“How can we use your gifts?” is a phrase often used in churches. Before Melissa and I wandered into an Episcopal church shortly after we were married, we got bombarded by church communities that came off a bit too needy. To be fair, they didn’t often see a young married couple sans kids coming to worship, so we were a hot commodity. But this week I was struck how the Holy Spirit used the disciples. It wasn’t what they could do that was important, but… well, just keep reading to see where I went with this sermon.
A Sermon for Pentecost — Based on Acts 2:1-21 and 1 Corinthians 12:3b-13
Anyone who has applied for a job or a degree program has been asked the question: tell me about your strengths. If asked this one, we know its corollary is coming too. So while speaking about our gifts and talents, we’re racking our brains to determine what to say about a weakness that, while appearing to be a growing edge, is really another strength.
The answers to these questions include things which also match what the company or business or school might need from us. If the description includes “Multi-tasking,” we share experiences of how we’ve juggled many things successfully at once. If the description talks about seeing a project through till the end, we mention times when we’ve been dedicated and singularly focused. I wouldn’t say we intentionally deceive others in our answers, we’re just savvy enough to do a bit of audience analysis before we respond.
For a long time, I’ve understood this passage from Paul’s first epistle to the Corinthians to be a similar process. Let’s find out what gifts God has blessed you with and get you involved at the church. Love to cook? Perfect! Let’s have you coordinate meals for people going through life’s transitions or facing an illness. Got musical skills? Let’s introduce you to the choirmaster who’s always looking for a few good women and men. Have a knack for teaching? Maybe Vacation Bible School or Faith Formation is your way to connect. We tend to poll the church community and see how we can plug people in.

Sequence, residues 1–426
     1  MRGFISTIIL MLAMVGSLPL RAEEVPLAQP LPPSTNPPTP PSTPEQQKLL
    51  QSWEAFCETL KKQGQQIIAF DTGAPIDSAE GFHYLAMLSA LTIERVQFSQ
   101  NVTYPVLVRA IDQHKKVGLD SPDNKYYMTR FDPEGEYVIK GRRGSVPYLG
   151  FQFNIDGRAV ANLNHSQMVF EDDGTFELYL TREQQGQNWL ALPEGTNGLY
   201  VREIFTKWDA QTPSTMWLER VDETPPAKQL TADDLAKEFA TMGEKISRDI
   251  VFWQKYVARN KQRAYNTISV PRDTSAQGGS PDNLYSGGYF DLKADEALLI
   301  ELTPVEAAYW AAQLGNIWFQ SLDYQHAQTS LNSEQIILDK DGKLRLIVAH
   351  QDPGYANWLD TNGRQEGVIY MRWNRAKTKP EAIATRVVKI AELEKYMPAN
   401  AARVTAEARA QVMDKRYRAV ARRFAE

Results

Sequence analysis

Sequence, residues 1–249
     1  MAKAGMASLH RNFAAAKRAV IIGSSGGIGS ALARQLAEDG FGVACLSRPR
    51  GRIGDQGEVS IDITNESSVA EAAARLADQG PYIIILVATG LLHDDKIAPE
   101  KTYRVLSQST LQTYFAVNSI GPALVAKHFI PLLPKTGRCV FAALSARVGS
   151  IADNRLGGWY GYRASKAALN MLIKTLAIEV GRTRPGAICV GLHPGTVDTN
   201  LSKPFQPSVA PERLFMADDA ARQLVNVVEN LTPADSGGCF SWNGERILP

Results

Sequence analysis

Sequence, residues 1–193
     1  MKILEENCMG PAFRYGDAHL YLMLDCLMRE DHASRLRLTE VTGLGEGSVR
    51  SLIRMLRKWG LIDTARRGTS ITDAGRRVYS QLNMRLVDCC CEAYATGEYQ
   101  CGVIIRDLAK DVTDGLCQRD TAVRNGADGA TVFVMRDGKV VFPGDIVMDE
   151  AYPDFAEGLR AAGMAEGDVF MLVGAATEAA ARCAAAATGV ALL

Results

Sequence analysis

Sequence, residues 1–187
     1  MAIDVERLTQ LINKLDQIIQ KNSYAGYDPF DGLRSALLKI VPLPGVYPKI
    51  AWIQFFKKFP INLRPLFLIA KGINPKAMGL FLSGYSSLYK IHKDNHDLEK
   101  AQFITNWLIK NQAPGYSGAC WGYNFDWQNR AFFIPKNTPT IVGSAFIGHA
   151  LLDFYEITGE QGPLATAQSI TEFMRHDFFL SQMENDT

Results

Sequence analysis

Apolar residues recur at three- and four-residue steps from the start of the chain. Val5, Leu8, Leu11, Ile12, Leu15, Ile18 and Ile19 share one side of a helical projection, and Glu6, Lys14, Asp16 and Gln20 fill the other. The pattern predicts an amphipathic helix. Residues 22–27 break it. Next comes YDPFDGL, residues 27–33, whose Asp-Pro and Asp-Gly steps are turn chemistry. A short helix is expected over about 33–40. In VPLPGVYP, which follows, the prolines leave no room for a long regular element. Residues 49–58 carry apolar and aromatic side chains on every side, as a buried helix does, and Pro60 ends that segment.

But that’s not really what the text is talking about. While I will never turn any away from using their talents for God’s kingdom — in fact, I would be thrilled if you did — I think Paul’s striking out into different territory here. And it comes down to one vital thing : The Holy Spirit.
I always get a chuckle out of the Pentecost reading from Acts as the disciples speak in other languages and some from the crowd suggest they’ve merely had a few too many. Peter, rather than stating the obvious, “Um, when does drinking an adult beverage help a person speak in another language?” simply states that it’s too early to be knocking one back. But it’s the serious response from the crowd that we tend to overlook: “Are not all these who are speaking Galileans? And how is it that we hear, each of us, in our own native language?” How is it that on that day when the Spirit blew through that place that these women and men began speaking in languages they did not know?
They had never studied the language of the Elamites or the one spoken by the Phrygians. They couldn’t speak in the native tongue of those from Crete or Rome or Egypt. They didn’t have a stock answer when asked about their talent in foreign languages because this was an apparent weakness. These disciples hadn’t run off to take a Berlitz class over the past 10 days in order to hone their language skills; they couldn’t speak the languages at all.
In other words, the Spirit didn’t use their gifts but their weaknesses. Surely Peter, who fifty-three days ago denied even knowing Jesus and was the wishy-washiest of the collective group, would never have put “great public speaker” on his resume. And yet here he is preaching like he’s Billy Graham and by the time he’s done 3000 people want to be baptized and in order to join the church community that day as followers of Jesus.
Could it be that the Spirit is more concerned about our weaknesses than our strengths? Does our equipping for services and activities by the Triune God depend upon us opening ourselves entirely before God so that God can use the hidden things—the shadow sides of lives—so that we will truly know that it is Spirit working in us rather than our doing it on our own? In his second epistle to the Corinthians, Paul, in writing about hardships and difficulties, declares that rather than waxing eloquent about his abilities, he “will boast all the more gladly of my weaknesses, so that the power of Christ may dwell in me…. Whenever I am weak, then am I strong.” (2 Cor 12:9-11)